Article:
Named GP for all patients as new GP contract announced

Every patient in England will have a named GP by March 2016 and practices will be forced to publish average GP earnings under changes to the GP contract announced by NHS Employers and the GPC.

(Photo: Jason Heath Lancy)
(Photo: Jason Heath Lancy)

The patient participation DES will be scrapped along with the alcohol enhanced service, with funding for both moving into core pay.

Elements of both these enhanced services will now become core contractual requirements, with practices expected to maintain a patient participation group and to identify newly registered over 16s drinking high levels of alcohol.

The avoiding unplanned admissions DES will be extended for a further year from April 2015. NHS Employers said there would be 'changes including revisions to the reporting process and changes to the payment structure'. The GPC hailed these changes as a 'significant reduction in bureaucratic reporting'.

QOF expansion ruled out

The GPC also welcomed an agreement that no new indicators or thresholds would be added to the QOF in 2015/16.

GP reported last week that health secretary Jeremy Hunt had told senior GPs he would like to see quality targets cut to 10% of GP income. Despite the deal for no new indicators to be added to QOF in 2015/16, NHS Employers said 'discussions around any clinical changes to QOF within the current QOF envelope will continue' - suggesting a reduction in QOF could go ahead from 2015.

The deal will also bring an end to uncertainty for practices over maternity leave funding, with practices guaranteed funds to provide locum cover. Funding is currently discretionary, with NHS England's area teams able to choose whether or not to offer it to practices.

Premises and workforce plan

BMA leaders and NHS England will also work together to develop a premises improvement strategy for primary care under the deal. The BMA said it had also secured an agreement that NHS England would work with it to 'develop solutions to workforce issues, focusing particularly on supporting GPs to remain in and return to the profession, recruitment problems in specific areas, such as remote and rural areas and the flexible careers scheme'.

The named GP proposal will mean practices must appoint 'a named, accountable GP for all patients (including children) who will take lead responsibility for the co-ordination of all appropriate services required under the contract'.

Plans to increase transparency on GP earnings will mean practices must 'publish average net earnings (to include contractor and salaried GPs) relating to 2014/15, as well as the number of full- and part-time GPs associated with the published figure'.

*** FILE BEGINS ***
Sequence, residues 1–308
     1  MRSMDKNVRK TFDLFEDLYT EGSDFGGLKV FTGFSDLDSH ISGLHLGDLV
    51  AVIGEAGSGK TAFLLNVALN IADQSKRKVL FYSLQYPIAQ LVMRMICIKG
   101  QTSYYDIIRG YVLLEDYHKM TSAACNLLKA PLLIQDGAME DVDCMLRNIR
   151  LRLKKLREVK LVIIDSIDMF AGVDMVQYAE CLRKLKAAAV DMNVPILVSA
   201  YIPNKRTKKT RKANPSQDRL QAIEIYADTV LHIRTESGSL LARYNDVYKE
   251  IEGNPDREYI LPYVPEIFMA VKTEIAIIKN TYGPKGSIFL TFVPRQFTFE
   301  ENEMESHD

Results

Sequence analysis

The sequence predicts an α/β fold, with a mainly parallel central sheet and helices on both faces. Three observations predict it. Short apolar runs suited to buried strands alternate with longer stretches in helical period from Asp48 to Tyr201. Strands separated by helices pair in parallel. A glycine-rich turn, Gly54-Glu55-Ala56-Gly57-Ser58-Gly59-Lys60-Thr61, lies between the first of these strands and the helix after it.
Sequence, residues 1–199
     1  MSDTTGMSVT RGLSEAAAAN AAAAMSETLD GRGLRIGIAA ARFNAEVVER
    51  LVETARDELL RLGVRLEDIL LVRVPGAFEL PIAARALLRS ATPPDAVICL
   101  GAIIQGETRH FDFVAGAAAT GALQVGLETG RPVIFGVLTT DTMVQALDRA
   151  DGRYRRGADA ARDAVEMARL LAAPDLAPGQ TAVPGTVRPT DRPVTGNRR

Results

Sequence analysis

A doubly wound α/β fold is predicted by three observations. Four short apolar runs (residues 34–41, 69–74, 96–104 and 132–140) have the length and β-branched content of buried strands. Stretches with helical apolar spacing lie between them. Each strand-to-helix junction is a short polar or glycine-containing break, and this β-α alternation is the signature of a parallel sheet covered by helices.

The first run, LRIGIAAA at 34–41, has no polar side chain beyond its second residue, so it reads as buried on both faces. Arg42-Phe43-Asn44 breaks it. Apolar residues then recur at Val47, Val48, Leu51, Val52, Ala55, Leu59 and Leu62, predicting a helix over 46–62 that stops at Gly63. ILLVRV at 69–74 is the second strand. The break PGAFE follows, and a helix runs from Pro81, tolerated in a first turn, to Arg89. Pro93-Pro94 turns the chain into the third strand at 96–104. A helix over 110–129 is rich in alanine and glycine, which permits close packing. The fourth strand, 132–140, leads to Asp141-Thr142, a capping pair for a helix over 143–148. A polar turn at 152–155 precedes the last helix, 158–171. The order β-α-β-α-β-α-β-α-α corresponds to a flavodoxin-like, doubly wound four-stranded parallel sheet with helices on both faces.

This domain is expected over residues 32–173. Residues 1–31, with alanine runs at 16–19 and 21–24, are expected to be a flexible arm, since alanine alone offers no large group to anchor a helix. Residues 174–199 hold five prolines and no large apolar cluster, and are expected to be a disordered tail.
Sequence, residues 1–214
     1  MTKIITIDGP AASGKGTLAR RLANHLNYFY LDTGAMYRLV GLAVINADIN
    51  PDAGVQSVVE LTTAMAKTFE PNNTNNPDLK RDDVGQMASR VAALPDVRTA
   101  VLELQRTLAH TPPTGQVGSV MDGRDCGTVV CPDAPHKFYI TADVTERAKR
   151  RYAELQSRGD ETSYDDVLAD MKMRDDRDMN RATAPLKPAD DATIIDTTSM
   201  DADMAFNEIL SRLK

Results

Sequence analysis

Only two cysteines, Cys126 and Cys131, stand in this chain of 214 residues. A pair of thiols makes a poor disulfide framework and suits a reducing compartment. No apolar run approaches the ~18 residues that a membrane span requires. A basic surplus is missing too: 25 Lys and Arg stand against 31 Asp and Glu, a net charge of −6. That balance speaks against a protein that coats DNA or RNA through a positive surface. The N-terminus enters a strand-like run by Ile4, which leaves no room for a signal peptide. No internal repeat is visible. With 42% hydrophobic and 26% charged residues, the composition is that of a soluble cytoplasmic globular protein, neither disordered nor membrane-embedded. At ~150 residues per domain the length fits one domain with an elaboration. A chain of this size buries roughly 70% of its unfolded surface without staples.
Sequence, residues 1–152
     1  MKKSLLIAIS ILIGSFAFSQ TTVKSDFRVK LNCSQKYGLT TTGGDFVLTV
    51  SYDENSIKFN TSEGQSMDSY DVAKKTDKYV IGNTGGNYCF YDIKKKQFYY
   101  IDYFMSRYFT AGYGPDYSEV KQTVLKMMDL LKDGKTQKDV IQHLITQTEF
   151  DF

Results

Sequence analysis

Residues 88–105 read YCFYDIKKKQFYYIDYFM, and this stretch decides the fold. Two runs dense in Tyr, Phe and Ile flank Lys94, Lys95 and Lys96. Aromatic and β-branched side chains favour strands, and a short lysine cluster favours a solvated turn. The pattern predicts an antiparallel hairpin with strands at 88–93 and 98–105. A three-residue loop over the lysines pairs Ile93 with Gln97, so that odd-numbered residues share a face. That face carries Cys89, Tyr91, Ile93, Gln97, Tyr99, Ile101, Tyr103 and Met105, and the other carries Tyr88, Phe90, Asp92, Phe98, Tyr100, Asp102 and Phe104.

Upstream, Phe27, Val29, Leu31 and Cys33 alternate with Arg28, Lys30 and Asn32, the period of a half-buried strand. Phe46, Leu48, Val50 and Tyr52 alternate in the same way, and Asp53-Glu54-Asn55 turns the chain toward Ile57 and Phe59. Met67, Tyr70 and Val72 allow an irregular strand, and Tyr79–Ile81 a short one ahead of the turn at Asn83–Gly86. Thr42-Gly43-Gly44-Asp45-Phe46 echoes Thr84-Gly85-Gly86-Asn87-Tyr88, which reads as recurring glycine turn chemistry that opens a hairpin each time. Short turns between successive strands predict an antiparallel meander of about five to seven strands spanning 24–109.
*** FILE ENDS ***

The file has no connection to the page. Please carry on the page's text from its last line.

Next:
GPC chairman Dr Chaand Nagpaul said: ‘After tough negotiations, we have reached an agreement with the government which gives general practice a much-needed breathing space and greater stability for practices and patients. We have secured changes aimed at freeing up GPs’ time and improving patients’ experience of general practice.

'Measures to reduce bureaucracy, and allow family doctors to spend more time with patients are a step in the right direction.

Relentless pressure on GPs

‘At the same time, we must not lose sight of the relentless pressure on general practice from rising demand, declining resources and the move to transfer services from hospital into the community.  We are now at a critical juncture, faced with a shortage of GPs, with surgeries closing and facilities in many practices increasingly inadequate to deliver high-quality care.

‘The government has said that it understands the pressures on GPs and their impact on patient care and access to services and that it is committed to delivering the necessary solutions.  Now that we have agreed a contract for next year, we need the government and NHS England to work with us to address the immediate wider pressures on general practice - as set out in the BMA GP committee’s plan for short term measures -  to ensure that general practice can be sustainable and have the capacity to deliver care that patients need.’

Further changes will allow armed forces personnel to register with GP practices for the first time, while planned reductions in seniority pay continue, along with work on improving recognition of deprivation in the Carr-Hill GP funding formula.

Read more: detail of enhanced services changes

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